A few years ago, I asked the new CEO of a fashion group what his first steps in his new position would be. His answer was: “If everything stays as it is, then I will have achieved my goal”. Right then, I found this response very disconcerting, and today I know that this company has filed for insolvency and lost its market leadership. The aforementioned managing director sees himself as a victim because, from his point of view, he has not made any demonstrable mistakes. The fact that he could be partly responsible for hundreds of redundancies does not occur to him.
This example shows how important a positive error culture is in companies. It is about dealing with wrong decisions, failures, mistakes, and failures. Wherever people work, mistakes are made. That’s what makes us human. We are not impeccable robots. Processes are becoming increasingly complex in our fast-paced and digitized work environment, and errors are almost unavoidable. This makes the concept of a positive error culture even more valuable for sustainable companies. They have recognized that failures offer opportunities that everyone can grow from.
In 2019, a study by the Boston Consulting Group showed that nine out of 10 executives tend to be hesitant in their decision-making. What is it about leaders that makes them so afraid to act? “Very few leaders dare to take responsibility. The fear of doing something wrong is enormous. At the same time, many companies claim to have a positive error culture, but this is not lived,” is the sad experience of Johanna Dahm, successful organizational developer, and management consultant. The question arises as to whether replacing entire management teams is a solution. However, scientific findings show that it takes four generations of managers for a system change to be permanent. That is why it is essential to change systems in companies in small steps. And for this, a positive failure culture offers an excellent opportunity for everyone as well as for the entire company. Today, creating a new and sustainable corporate culture is an urgent task for managers in all positions. A culture in which the courage to make mistakes is promoted. “Because a lack of courage, and thus a lack of decisiveness, means that important projects are never tackled or not completed. A lack of decisiveness also leads to high levels of demotivation throughout the workforce, as their initiatives are not considered and nothing moves forward in their company,” according to Johanna Dahm.
Innovation is only viable when employees are empowered to take risks and try new approaches. A healthy error culture fosters a continuous learning environment in which employees are given the space to recognize their mistakes, analyze them, learn from them, and improve their skills. When employees feel safe, even when they make mistakes, their willingness to engage and take responsibility for their work increases. A culture that accepts mistakes and promotes open communication creates an atmosphere in which team members feel encouraged to share their ideas as well as concerns. This leads to better collaboration and the ability to learn from each other’s mistakes. Similarly, a good failure culture helps to respond quickly and effectively to customer complaints and feedback. When employees can recognize and understand mistakes, they are more likely to be transparent and honest with customers, which can lead to greater trust and loyalty.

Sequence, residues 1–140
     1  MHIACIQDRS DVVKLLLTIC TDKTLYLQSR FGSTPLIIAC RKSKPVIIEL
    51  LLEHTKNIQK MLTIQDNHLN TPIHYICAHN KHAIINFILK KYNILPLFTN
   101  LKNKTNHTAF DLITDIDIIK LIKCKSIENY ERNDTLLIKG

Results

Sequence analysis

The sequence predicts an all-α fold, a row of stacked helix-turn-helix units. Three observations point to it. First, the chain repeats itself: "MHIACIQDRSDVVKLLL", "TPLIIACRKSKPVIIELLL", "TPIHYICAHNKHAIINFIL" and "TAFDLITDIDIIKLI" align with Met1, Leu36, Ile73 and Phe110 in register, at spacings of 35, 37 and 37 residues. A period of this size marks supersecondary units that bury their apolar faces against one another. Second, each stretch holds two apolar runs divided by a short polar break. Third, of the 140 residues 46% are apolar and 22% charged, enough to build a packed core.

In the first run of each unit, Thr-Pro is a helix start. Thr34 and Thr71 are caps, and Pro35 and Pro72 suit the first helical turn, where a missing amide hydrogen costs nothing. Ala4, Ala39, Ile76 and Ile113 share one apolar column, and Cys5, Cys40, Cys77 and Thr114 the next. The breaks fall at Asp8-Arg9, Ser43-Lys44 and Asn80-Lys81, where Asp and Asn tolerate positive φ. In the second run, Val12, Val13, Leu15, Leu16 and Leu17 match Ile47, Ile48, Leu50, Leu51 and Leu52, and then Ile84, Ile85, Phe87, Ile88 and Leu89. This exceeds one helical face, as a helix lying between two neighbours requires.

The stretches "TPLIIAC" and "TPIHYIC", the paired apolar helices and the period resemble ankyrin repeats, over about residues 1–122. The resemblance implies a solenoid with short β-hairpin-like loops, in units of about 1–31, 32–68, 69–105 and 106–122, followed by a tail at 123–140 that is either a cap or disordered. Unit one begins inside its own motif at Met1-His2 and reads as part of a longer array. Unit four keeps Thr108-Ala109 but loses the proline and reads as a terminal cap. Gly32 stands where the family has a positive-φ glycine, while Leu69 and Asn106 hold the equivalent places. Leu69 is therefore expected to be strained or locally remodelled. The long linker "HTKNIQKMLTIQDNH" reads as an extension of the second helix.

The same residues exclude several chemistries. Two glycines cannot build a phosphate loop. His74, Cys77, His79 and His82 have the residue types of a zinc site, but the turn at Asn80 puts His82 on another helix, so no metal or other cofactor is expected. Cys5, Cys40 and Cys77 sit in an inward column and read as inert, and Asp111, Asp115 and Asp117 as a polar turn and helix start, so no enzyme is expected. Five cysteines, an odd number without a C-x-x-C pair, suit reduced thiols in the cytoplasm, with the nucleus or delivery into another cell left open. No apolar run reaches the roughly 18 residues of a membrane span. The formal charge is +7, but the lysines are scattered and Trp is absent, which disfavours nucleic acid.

What has just been said can be wonderfully transferred to the Tango Argentino. Here there are basically no mistakes. If the other person interprets an impulse differently or makes a step that was not guided in this way, then it becomes really exciting. Because now creativity and flexibility are required. How do I deal with this new situation? Do I simply leave my counterpart standing there? Do I react with anger and sanctions so that my counterpart loses the desire to try something new? Do I give up courage and trust in myself and in the joint interaction? Or do I react with humor and make a move to re-capture the partner and save the situation? In either case, humor is a brilliant way to foster a culture of error and trust. Whether it’s dancing the tango or working together, shared laughter fosters innovation, desire, and passion.
There is a German saying: “To err is human”. We make mistakes every day, sometimes big, sometimes small, sometimes consciously, often unconsciously. Try not to see them as failures, but as a great learning opportunity. We are socialized not to make mistakes. We don’t like to take risks and are reluctant to leave our comfort zone. But our failures are signposts for our learning and growth as people or as a company.